Issue 6 - Hakihea - Kohitātea 2007

December 2007

Kōkiri 06 acknowledges the contribution Tumu te Heuheu makes not only to the destiny of Ngāti Tūwharetoa and New Zealand but to the heritage of the world. We reflect on a bumper year of events and happenings for Māoridom in 2007 and we profile the people and businesses from our largest population base in Tāmaki Makaurau.

Ngā Rohe

Te Moana ā Toi: celebrating kaumātua

Kaumātua from throughout Te Rohe Potae o Tūhoe were treated to a weekend of fun, social activities, commemorative events, hui and wānanga.

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Waikato: protecting our kaumātua

The inaugural National Kaumatua Service Providers Conference was held at the Glenview International Hotel, Hamilton.

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Takitimu: 140 years of achievement

Te Puni Kōkiri supported St Joseph’s Māori Girls’ College 140th anniversary. This event was held to recognise the founders of the college in 1867, and the significant contribution the college has made to Māori and New Zealand.

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Te Arawa: Ngāti Whakaue education

Te Taumata Mātauranga o Ngāti Whakaue was established by Ngāti Whakaue Trusts to implement strategies aimed at improving educational outcomes for the tribe.

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Te Tairāwhiti: Mana Wahine

Wairoa hosted a Mana Wahine Dinner to celebrate the achievement of Māori women in the community. The event was supported by Te Puni Kōkiri and the Ministry of Women’s Affairs.

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Te Waipounamu: TOA Sports

TOA Sports is a one-year full-time course offered by the Christchurch Polytechnic Institute of Technology (CPIT) as a joint venture between He Waka Tapu Trust, the Christchurch City Council and Te Puni Kōkiri.

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Te Tai Hauāuru: Rangatahi Summit

Te Puni Kōkiri supported the second bi-annual Whanganui Rangatahi Summit 2007. The main theme of the summit was to encourage the celebration of Whanganuitanga through whanaungatanga and kotahitanga. Toi Māori was the main medium to inspire learning and participation among rangatahi.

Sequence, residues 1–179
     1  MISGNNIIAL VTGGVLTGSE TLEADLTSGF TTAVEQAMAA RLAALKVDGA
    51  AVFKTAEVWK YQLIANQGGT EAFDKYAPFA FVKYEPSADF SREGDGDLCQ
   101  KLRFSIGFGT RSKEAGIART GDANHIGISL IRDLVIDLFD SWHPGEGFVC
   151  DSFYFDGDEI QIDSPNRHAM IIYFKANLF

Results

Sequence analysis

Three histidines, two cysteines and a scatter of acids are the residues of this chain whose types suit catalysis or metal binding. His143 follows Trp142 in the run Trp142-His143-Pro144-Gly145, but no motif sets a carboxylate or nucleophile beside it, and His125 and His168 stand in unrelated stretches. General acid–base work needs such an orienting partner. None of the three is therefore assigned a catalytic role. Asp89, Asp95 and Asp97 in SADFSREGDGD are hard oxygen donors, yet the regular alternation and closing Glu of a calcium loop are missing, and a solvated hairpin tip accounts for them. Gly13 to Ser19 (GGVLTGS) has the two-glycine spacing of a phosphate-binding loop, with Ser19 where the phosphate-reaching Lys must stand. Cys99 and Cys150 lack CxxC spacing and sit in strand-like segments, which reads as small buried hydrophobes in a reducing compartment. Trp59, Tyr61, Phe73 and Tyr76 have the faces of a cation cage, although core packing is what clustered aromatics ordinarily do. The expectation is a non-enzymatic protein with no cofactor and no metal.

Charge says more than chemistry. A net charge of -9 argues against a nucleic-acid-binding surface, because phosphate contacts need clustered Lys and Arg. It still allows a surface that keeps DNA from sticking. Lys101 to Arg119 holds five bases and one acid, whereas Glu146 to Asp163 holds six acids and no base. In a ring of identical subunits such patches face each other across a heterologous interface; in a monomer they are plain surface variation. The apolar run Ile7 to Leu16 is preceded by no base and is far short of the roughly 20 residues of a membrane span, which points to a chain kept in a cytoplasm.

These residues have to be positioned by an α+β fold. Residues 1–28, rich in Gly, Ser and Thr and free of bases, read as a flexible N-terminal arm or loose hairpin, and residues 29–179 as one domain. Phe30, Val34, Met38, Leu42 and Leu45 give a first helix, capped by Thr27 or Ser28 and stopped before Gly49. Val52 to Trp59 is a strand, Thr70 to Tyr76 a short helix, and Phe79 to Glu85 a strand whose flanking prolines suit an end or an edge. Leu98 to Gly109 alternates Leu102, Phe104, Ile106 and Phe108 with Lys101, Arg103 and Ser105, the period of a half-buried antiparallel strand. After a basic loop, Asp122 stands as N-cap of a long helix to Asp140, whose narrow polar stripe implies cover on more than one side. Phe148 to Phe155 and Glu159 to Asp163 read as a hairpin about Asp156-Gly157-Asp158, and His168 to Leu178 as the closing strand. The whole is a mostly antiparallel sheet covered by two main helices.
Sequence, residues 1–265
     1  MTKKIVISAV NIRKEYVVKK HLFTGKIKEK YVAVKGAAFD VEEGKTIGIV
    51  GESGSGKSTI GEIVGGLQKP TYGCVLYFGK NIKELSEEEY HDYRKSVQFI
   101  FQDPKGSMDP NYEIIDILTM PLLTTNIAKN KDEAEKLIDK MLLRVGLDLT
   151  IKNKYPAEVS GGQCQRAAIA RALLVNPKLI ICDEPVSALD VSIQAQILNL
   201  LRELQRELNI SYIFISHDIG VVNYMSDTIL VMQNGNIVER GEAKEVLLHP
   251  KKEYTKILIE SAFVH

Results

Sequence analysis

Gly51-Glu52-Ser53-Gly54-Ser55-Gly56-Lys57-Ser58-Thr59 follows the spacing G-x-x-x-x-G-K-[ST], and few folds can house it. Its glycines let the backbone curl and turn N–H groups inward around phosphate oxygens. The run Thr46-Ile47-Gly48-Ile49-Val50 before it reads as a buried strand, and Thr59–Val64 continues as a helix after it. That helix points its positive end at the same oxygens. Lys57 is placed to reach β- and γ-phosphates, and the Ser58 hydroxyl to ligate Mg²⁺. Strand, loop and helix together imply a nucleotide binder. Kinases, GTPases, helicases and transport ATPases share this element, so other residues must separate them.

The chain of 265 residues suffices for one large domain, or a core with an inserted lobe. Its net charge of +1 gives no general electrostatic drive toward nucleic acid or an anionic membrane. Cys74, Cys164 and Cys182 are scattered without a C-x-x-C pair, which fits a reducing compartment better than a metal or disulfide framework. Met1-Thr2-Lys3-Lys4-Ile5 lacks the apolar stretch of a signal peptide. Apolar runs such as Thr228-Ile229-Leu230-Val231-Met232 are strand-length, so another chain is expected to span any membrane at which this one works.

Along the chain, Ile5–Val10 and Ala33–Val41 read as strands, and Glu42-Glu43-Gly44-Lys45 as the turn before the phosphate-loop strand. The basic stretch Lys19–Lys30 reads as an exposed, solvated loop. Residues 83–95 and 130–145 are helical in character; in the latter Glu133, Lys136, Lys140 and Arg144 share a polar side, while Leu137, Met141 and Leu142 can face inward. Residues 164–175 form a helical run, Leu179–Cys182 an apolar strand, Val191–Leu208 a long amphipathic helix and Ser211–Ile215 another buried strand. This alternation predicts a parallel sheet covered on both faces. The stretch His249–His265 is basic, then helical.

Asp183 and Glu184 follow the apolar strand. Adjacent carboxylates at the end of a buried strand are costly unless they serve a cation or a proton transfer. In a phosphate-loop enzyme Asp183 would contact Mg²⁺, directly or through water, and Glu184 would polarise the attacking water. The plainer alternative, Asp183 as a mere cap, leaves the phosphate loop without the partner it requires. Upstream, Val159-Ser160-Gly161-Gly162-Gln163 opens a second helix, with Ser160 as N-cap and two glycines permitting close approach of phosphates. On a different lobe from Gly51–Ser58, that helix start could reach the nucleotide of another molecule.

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Te Whanganui ā Tara: ngā kaitiaki o te tuatara

South Island iwi Ngāti Koata have gifted 130 tuatara to the Karori Wildlife Sanctuary in Wellington to protect the native species. A pōwhiri to welcome Ngāti Koata and the tuatara was hosted by Wellington iwi Te Ātiawa and marked the special occasion.

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Te Taitokerau: moana ki te rangi

Linking Northland’s remote Ngātiwai coastal communities using communication technologies is the goal of Ngātiwai Trust Board.

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Tāmaki Makaurau: “Huihui ka tū, wehewehe ka hinga”

I te tau 1993 tīmata ai Te Rōpū Kaumātua o Ōwairaka ki Tāmaki ki te whakatairanga ki te whakakotahi i ngā kaumātua o Tāmaki Makaurau.

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Main Feature

A unifying dynasty

Te Heuheu Tūkino VIII – known to all as Tumu te Heuheu, Paramount Chief of Ngāti Tūwharetoa - received an Honorary Doctor of Literature award from Massey University at a special graduation ceremony at Waihi Marae recently.

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Tumu’s global influence

When Tumu te Heuheu became Chair of the UNESCO World Heritage Committee, he was the first New Zealander to hold the prestigious year-long tenure.

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Te Ao Māori

Building libraries not prisons

Hastings’s Camberley Primary School was the first in the country to introduce Alan Duff’s Books in Homes Scheme. There they have begun to talk about the “Duffy generation”. Fifteen years on, the first children to go through the programme are now having children of their own.

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In Business

Best Baits

When Best Baits owners Tane Zanders and Rachael Gibb cast a line to Te Puni Kōkiri’s Business Facilitation mentoring programme, they got the support they needed to grow their business and run it more efficiently.

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Hospitality Māori style

The Māori tourism industry recently launched a marketing initiative, ke Manaaki Card, that aims to inject more than one million dollars back into Māori tourism annually. The Manaaki Card is not only a phone card for national or international calls, but also has more than $1,200 worth of offers and discounts from the best of Māori tourism operators nationwide.

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Creative New Zealand

Toi Ake

In 2001 the wharenui of Puketeraki Marae, just out of Dunedin, was opened after being re-built with the assistance of pūtea given to all rūnaka from the Ngāi Tahu Waitangi claim settlement. This was a significant opportunity for Kati Huirapa Rūnaka, who had not seen a whare whakairo in the area for more than 100 years.

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And Action!

Young New Zealanders are being encouraged to pick up a camera and make the most of summer by making a short film on what it means to be a young person in New Zealand today.

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In Sports

World champion rower wins top Māori sports award

World champion rower Storm Uru is the supreme winner of the 2007 National Māori Sports Awards. Te Tohu Tākaro o Aotearoa Charitable Trust hosted the prestigious black tie ceremony at the Energy Events Centre in Rotorua.Uru beat a world-class field of finalists to take the title of senior Māori sportsman for the second year in a row before accepting the supreme award – the Albie Pryor Memorial Māori Sportsperson of the Year.

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